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Afghan human rights survey shows hope in the face of hardship


Afghan human rights survey shows hope in the face of hardship

For the many millions of refugees who have returned home to Afghanistan, job opportunities, housing and access to safe drinking water - not security - rank top on their list of concerns according to a new survey published today. And despite the hardships and uncertainty, the vast majority of people are glad they came home.
1 May 2006
Forty per cent of respondents said their children did not attend primary school. Many cited poverty as the reason. Nearly one in five families who responded to the survey said that most or all of their children work.

KABUL, Afghanistan, May 1 (UNHCR) - Improved job opportunities, housing, and access to safe drinking water were listed as the top priorities for the future by the majority of former refugees and former internally displaced people in a survey into social and economic conditions in Afghanistan published today.

Even though certain parts of the country are still troubled by insecurity, only 4 percent of respondents cited security as a priority concern.

The study, which builds a comprehensive picture of the situation faced by returning refugees, was conducted by the Afghan Independent Human Rights Commission with assistance from the UN refugee agency, UNHCR. The areas covered in the study included sources of income, access to shelter, water and sanitation, education and the prevalence of child labour.

Home and land ownership proved to be widespread, with fewer than 10 percent of respondents saying they did not own a house or land. But housing and the repair of housing was a key issue, with 40 percent saying their house had been damaged or destroyed or that they lacked sufficient space.

Nearly a third of those interviewed identified farm labour as their primary source of income. More than 60 percent of households said they were in debt.

Half of all interviewees did not have access to safe drinking water, while over a third used a water source that is shared with animals or is considered unhealthy.

While the results of the report may appear to paint a discouraging picture, around 80 percent of those surveyed said they were optimistic about the future, while 83 per cent of returnees were happy to have returned to Afghanistan.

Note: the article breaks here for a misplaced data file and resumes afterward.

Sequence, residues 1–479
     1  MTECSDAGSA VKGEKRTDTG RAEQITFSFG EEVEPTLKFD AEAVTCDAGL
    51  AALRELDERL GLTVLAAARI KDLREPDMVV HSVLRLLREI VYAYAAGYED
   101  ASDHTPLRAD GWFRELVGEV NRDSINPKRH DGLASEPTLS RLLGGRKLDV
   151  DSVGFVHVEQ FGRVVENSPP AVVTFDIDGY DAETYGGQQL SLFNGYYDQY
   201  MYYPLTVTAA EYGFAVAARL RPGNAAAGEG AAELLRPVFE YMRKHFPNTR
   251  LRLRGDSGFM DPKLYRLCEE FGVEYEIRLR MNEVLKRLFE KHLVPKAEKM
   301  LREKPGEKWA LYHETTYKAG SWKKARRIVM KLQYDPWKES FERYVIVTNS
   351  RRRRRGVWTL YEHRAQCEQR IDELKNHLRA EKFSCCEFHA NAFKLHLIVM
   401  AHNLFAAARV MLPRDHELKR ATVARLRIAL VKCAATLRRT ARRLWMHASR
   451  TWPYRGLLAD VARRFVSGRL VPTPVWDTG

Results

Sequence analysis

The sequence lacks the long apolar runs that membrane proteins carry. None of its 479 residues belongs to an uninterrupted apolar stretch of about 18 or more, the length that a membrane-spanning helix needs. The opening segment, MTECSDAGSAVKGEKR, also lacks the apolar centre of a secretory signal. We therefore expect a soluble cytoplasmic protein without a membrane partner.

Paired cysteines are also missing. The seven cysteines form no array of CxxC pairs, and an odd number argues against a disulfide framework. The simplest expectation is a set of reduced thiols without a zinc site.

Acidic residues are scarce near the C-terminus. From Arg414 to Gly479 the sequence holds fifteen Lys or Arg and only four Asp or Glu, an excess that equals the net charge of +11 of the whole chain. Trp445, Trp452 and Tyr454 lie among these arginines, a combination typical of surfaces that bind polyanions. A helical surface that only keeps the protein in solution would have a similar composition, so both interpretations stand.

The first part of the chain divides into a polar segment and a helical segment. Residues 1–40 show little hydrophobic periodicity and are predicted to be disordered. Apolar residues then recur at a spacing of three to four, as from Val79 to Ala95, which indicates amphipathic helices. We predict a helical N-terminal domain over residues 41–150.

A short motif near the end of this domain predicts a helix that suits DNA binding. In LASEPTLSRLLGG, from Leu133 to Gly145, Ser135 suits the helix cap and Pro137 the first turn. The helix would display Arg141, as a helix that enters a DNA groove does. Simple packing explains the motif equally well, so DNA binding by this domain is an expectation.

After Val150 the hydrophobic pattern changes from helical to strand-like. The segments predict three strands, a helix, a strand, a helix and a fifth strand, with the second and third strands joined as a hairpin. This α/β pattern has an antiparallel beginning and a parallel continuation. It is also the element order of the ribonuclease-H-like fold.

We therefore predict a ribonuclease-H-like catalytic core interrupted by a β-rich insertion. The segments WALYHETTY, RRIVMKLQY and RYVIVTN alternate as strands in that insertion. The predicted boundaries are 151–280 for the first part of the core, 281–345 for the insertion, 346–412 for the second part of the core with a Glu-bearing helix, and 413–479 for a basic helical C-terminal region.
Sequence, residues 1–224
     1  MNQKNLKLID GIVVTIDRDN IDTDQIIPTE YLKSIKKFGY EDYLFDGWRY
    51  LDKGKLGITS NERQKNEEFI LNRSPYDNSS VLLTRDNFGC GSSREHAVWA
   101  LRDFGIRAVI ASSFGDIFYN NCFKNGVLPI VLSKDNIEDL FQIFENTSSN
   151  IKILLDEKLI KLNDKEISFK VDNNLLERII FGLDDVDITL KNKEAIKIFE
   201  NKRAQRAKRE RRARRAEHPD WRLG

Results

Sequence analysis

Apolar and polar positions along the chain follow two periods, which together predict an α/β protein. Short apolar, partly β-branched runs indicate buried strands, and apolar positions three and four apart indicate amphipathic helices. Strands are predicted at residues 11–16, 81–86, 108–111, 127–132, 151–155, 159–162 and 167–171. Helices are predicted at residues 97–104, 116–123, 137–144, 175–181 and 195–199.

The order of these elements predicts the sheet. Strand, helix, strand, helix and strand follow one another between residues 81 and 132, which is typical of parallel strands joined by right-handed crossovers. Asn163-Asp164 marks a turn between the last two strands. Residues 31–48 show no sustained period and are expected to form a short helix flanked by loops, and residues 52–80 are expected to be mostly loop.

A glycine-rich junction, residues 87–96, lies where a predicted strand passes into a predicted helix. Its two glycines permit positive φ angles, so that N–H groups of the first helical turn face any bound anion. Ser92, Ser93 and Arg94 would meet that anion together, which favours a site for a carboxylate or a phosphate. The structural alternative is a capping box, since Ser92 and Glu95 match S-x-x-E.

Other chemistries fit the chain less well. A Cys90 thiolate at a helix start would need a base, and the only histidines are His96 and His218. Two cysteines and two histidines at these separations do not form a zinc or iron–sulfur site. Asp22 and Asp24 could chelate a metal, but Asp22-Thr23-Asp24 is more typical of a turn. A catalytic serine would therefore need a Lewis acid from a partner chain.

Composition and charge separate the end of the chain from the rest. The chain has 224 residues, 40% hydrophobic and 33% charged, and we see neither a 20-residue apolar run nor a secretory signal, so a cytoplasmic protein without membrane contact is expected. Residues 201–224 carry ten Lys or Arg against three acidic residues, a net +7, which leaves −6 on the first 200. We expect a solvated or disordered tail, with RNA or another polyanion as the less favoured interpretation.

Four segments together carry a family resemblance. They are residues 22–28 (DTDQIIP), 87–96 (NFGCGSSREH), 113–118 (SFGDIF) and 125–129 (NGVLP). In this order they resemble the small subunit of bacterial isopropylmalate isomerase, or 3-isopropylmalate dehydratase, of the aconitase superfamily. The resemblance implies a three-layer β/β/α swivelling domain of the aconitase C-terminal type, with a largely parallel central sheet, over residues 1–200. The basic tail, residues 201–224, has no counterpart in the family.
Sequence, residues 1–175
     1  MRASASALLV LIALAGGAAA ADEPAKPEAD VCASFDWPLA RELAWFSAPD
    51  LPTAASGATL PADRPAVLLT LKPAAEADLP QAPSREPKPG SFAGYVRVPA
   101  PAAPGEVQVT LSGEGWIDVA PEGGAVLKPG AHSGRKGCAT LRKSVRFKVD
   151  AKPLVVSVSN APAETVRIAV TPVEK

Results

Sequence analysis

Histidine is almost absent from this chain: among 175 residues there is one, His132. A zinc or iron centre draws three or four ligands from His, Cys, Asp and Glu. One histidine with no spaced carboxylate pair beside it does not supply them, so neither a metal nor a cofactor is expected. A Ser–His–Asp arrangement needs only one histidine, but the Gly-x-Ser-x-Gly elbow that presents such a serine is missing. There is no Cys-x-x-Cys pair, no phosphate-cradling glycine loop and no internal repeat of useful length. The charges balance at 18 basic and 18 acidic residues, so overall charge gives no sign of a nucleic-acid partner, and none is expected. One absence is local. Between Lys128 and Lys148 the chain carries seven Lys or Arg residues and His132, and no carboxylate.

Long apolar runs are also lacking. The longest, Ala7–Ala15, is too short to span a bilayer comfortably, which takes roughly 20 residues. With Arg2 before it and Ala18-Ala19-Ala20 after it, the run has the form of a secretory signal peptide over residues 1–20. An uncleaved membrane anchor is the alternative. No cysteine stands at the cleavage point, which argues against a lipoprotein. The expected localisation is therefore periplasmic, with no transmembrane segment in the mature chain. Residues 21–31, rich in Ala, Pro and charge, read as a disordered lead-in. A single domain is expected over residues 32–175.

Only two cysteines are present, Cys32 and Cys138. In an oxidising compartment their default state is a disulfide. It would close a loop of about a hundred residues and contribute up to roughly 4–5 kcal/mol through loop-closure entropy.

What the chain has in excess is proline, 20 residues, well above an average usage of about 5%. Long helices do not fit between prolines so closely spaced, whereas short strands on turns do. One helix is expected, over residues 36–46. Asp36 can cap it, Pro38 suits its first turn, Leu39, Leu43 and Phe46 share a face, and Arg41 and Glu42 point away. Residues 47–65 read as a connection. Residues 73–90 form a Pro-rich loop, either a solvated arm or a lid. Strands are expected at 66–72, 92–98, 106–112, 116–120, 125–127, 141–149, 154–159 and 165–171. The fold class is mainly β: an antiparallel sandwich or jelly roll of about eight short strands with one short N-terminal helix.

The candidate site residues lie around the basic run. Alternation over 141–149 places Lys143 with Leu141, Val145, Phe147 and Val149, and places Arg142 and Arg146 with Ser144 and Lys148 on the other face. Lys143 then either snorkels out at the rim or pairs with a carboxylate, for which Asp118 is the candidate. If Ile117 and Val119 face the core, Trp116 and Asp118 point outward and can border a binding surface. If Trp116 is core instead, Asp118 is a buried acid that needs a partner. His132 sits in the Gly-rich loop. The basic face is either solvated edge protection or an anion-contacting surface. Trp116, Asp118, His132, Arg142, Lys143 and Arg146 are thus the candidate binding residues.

During the period between April and December 2005, a total of 7,929 interviews were conducted in 29 of Afghanistan's 34 provinces. Just under 75 percent of the interviewees were returnees - either former refugees or former displaced people.

Questions about primary education revealed that although people reported it was generally available in their area, more than 40 percent said their children were not attending school. Poverty was cited as the main reason for this. The study found that almost half of all those interviewed had at least one working child in the family. Nearly 20 percent said that most or all of their children work.

A gender difference also emerged in the reasons as to why children were not sent to school. Work was the reason which tended to be given for boys, whereas for girls it was the distance to the school and concerns about security.

Health-care facilities were available to more than 75 percent of respondents. But despite the widespread availability, more than a third of those interviewed said they did not use the facilities, mostly for reasons of accessibility.

The benchmark for the survey was the International Covenant on Economic, Social and Cultural Rights (ICESCR), which Afghanistan ratified in 1983.

It was originally designed to provide an assessment of the Afghan government's ability to protect the social and economic rights of its citizens. But with a high number of former refugees and internally displaced people among those interviewed, the findings have also provided a valuable insight into the current circumstances of returnees.

"It is a unique report which illustrates to Afghans that human rights are not something far-fetched, but very relevant and tangible in their everyday lives," said Nader Naderi, Commissioner of the Afghan Independent Human Rights Commission (AIHRC).

Based on its findings, AIHRC is calling on the Afghan government to pay attention to the situation of vulnerable groups during the design and implementation of the National Development Strategy.

AIHRC is also urging the government to take all necessary steps to build a better understanding of the poorest groups in Afghanistan and ensure that the impact of poverty reduction strategies on these groups is closely monitored.

By Tim Irwin and Nader Farhad in Kabul, Afghanistan